October 2019 Vol 5 No 5
Welcome to our newest issue of CONQUER. We know the value of hearing the experiences of cancer survivors and family caregivers. It helps people to relate, feel a sense of connection, and provides food for thought. We have many stories, with several focusing on breast cancer, including male breast cancer. Pink ribbons are not just for women.
Samantha Anderson refused to give up when her triple-negative breast cancer returned. Trusting her oncologist, she enrolled in the clinical trial with Tecentriq (atezolizumab) that led to the approval of the first immunotherapy for this type of breast cancer.
Many patients with cancer and cancer survivors suffer from pain and impaired functioning as a result of cancer treatment, even years after the treatment is over. Nevertheless, only a few people receive proper care to address these issues through cancer rehabilitation.
By Teresa Todt
Teresa Todt could not shake the nagging feeling that the pain in her breast was something serious, but repeated visits to her gynecologist and a mammogram didn’t lead anywhere. It was only after she found blood in her bra that additional tests showed she had invasive breast cancer.
Sexuality and Cancer
Among women who receive chemotherapy and/or hormonal therapy, many are left with unexpected changes in their sex life long after treatment is over. Many women suffer in silence, but having enjoyable sexual relations, even after cancer treatment, is quite possible.
Breast CancerPatient Stories
Enjoy Lillie Shockney’s sense of humor as you read her personal story of how working as a nurse and facing her own breast cancer diagnosis shaped her life and her lifelong work as a breast cancer educator and advocate.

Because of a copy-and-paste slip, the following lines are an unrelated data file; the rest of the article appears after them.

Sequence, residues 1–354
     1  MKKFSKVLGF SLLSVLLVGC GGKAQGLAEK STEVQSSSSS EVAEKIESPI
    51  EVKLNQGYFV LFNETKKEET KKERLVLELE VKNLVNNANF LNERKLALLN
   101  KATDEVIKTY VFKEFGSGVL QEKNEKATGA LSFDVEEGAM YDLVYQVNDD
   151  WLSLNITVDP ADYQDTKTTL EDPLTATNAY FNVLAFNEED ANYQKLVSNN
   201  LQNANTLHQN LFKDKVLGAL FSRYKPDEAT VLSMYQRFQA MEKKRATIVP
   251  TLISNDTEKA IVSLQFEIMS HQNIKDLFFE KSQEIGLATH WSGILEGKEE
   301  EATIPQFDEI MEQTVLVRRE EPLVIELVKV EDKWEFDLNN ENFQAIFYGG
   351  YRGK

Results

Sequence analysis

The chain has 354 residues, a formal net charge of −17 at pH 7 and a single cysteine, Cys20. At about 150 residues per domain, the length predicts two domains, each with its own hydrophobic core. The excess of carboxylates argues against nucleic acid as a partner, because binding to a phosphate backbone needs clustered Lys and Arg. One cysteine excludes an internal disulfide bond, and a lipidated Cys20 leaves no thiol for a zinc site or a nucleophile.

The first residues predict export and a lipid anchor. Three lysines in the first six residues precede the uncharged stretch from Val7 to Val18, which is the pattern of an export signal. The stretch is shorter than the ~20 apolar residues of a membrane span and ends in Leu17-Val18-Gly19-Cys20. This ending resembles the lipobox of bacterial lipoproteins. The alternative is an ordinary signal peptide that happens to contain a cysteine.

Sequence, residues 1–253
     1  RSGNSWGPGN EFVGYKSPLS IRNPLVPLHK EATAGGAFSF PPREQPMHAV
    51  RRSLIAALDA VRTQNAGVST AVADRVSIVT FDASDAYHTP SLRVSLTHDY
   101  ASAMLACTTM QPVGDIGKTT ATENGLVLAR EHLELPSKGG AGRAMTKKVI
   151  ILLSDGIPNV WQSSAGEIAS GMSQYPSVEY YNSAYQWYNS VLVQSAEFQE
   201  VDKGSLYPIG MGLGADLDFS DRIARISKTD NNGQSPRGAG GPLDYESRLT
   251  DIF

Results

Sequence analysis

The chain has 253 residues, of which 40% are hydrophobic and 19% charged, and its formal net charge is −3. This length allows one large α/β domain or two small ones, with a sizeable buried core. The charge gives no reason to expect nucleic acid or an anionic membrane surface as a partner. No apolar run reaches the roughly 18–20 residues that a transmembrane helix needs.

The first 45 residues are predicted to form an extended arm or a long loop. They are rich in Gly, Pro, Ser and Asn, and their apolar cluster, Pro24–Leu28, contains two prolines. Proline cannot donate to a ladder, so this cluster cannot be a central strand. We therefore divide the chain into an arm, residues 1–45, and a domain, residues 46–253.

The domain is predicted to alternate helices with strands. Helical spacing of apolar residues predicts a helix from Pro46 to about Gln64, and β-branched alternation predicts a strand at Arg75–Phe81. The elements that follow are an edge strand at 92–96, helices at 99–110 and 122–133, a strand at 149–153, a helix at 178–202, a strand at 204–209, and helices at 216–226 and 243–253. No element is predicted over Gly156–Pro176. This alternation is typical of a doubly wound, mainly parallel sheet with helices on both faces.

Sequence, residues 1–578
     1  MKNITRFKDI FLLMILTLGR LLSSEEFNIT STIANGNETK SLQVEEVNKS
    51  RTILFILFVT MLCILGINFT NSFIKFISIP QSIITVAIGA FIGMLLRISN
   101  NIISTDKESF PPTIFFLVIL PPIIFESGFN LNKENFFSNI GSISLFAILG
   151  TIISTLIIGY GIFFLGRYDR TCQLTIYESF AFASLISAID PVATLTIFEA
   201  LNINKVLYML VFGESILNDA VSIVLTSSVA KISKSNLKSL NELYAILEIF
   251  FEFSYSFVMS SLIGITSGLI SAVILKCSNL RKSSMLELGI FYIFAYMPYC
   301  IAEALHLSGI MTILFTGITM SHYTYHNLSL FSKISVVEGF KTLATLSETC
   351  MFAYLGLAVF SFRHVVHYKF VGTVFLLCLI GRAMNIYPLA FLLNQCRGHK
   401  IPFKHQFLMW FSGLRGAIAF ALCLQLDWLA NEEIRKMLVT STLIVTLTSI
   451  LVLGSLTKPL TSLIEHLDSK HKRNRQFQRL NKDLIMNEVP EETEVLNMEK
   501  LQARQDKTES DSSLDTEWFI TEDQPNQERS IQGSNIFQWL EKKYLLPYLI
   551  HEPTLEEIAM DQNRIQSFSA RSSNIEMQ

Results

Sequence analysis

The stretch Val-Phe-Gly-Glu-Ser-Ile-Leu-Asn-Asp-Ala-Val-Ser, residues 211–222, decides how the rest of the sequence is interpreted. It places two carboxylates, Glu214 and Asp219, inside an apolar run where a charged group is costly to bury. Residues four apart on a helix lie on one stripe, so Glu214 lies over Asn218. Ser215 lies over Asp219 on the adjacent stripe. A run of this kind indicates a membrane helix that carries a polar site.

When the emergency department (better known as ER) doctor and the clinical nurse specialist came in and asked, “Is there anyone with you?” I knew what was to follow wasn’t good. Like many other women, had made excuses for the discomfort, bloating, and weight gain I was experiencing in October 2016, thinking it was just something I had eaten, or maybe my metabolism, menopause, or inactivity.
Aldo established Myeloma Canada many years ago, when he was first diagnosed with this disease. He was committed to ensuring that patients had access to medicines, and was continually engaging regulatory agencies, industry, global advocacy partners, and anyone else who could help him achieve his goals of advocating for patients with multiple myeloma, according to Fatima Scipione, Senior Director of Patient Advocacy at Takeda Oncology, who worked with Aldo for many years.
As a retired college professor, Dr. McElhiney uses her personal experience with ovarian cancer to advocate for other patients, urging faster development of new treatment options.
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Results 1 - 10 of 18
Results 1 - 10 of 18